This is a second in an occasional series by visiting Galveston Artist Residency curator Leslie Moody Castro about her observations of the island and its art scene.
On the night of Sept. 2, the world watched the complete obliteration of the National Museum of Brazil in Rio de Janiero via social media. The building itself was constructed during the Portuguese occupation of Brazil, housed the royal family during the time of the country’s colonization, and was converted to a public museum in 1922.
It housed more than 287,000 objects in its permanent collection, including the oldest surviving human remains. In one night, hundreds of years of documented history became kindling for a fire that raged through the building, and the result was the loss of thousands of years of documented Brazilian history.
It was not simply the loss of a museum that devastated intellectuals across the globe — including scientists and medical doctors who studied with the collection— but the loss of the objects that told the story of the cultural memory of a place. Essentially, that memory was wiped clean.
The arts and culture of a place is not simply defined by who produces it, but also by the stories that make up the collective identity. The institutions that house our culture are not only protecting artifacts, they also exist as buildings that tell stories, in places that define them. Going to a museum is not just about seeing the things in a building, but also about analyzing the history of the building itself, then placing it in context with everything around it.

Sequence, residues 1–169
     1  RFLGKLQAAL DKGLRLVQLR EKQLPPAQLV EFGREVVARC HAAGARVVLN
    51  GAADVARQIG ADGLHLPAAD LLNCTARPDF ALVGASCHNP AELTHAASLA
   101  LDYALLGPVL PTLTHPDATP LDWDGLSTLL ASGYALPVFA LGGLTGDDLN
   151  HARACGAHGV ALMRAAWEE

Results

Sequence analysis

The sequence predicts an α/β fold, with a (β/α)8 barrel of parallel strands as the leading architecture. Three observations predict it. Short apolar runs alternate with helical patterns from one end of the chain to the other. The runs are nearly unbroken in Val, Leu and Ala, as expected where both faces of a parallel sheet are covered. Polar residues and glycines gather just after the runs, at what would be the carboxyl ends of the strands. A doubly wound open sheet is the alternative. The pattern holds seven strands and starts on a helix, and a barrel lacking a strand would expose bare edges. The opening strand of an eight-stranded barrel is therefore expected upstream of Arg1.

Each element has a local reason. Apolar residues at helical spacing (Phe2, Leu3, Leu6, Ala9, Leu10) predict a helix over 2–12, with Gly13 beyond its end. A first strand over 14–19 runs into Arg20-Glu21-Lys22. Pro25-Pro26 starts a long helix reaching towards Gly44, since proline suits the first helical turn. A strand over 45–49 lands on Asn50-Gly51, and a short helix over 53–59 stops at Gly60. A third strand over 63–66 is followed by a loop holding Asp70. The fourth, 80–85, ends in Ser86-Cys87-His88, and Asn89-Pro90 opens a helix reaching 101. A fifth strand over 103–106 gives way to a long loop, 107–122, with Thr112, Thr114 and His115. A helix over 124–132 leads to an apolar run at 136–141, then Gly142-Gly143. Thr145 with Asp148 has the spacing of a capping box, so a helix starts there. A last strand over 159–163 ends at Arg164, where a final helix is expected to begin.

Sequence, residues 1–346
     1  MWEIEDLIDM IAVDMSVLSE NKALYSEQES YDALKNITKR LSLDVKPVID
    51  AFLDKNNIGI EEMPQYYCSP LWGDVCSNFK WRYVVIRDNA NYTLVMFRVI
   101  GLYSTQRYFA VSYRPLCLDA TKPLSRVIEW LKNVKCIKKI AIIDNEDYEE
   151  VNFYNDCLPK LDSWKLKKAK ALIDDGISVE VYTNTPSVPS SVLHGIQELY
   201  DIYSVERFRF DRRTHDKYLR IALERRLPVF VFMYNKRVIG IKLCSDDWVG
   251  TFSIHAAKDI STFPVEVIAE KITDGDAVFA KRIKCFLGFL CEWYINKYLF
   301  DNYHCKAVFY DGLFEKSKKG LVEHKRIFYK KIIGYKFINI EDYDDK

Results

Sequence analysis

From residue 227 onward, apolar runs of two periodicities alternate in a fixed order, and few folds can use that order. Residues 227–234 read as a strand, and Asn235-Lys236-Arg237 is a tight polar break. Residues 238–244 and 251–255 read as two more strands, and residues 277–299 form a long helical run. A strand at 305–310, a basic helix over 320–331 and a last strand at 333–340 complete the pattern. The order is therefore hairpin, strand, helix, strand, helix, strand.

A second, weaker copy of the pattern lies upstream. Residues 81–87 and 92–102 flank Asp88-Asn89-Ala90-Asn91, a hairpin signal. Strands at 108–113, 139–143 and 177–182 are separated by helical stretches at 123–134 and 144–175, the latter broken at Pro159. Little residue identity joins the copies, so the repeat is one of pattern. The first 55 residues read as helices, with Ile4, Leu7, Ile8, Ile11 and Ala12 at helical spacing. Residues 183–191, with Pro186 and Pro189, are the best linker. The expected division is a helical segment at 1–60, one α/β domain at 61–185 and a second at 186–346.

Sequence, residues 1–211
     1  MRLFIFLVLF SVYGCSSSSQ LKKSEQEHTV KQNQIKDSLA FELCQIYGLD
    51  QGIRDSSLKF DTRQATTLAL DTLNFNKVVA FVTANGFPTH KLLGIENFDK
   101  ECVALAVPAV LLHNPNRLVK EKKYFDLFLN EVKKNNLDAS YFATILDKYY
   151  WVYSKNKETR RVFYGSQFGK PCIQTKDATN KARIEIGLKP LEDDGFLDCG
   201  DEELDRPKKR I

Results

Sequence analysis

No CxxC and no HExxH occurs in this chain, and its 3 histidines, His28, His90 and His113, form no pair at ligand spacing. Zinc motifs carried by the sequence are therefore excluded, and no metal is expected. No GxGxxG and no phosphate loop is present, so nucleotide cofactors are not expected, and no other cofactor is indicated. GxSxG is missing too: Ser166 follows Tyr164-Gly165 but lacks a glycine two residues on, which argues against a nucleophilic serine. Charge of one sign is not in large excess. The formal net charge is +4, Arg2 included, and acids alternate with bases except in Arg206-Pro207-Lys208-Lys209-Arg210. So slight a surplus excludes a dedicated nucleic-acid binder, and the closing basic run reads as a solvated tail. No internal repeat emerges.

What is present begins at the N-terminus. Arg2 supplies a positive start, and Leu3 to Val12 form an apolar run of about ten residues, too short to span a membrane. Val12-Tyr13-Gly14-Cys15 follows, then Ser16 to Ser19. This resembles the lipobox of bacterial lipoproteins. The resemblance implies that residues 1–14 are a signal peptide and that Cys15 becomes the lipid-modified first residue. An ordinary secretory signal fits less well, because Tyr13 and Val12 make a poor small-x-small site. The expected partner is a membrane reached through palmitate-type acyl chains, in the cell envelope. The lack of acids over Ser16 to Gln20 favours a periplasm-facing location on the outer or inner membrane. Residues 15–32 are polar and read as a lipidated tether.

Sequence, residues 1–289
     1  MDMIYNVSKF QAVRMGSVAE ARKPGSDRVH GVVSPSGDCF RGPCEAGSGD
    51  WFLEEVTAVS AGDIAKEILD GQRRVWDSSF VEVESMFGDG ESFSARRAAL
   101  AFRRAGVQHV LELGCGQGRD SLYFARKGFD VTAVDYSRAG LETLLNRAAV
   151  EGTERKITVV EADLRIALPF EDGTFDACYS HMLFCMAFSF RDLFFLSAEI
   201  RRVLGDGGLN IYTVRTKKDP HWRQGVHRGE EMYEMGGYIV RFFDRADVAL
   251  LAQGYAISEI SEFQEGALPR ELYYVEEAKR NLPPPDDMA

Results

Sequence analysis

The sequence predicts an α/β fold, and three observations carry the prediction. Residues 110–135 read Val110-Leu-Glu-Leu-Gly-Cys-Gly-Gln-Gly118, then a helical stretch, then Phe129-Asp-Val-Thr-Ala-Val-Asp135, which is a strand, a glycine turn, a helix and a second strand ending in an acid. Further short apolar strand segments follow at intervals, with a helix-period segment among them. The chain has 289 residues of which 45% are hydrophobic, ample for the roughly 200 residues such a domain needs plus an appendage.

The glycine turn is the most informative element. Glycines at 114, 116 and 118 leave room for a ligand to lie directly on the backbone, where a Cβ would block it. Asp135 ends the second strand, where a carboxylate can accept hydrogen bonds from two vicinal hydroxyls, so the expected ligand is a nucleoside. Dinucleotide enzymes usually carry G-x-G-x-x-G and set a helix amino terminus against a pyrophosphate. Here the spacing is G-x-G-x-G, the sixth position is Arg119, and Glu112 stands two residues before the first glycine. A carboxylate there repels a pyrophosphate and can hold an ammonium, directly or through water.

Galveston is full of stories, and its history has been defined and redefined by the natural disasters that have left their mark on the island. Every time one of these disasters leaves its mark, new stories of survival are constructed around the disaster, and the repairs go hand in hand with healing.
In Galveston, the culture is not just in the places that house its art or history; here, that culture exists on every block of the city. A walk down the seawall is also a memory of the worst natural disaster in United States history and the subsequent mechanisms put in place to protect the island.
Enjoying a drink on The Strand is to enjoy the architecture that laid the foundation of grandeur for the island in its 19th-century inception.
In Galveston, reading culture is to pay attention to the nooks and crannies — to “read” the space. Galveston was an architectural marvel and built to rival the order, organization and technological innovation of any city. I consider this island a museum, I hear its ghost stories, its storm stories and understand they have shaped the history and culture of this island as much as growth, rebirth and even tourism.
In Galveston, I have learned, once again, to evaluate the space I embody. To think about its history and how it affects me. It makes existing in a place exciting, and the choreography of movement through history that has been constructed and reconstructed continues to deepen that curiosity.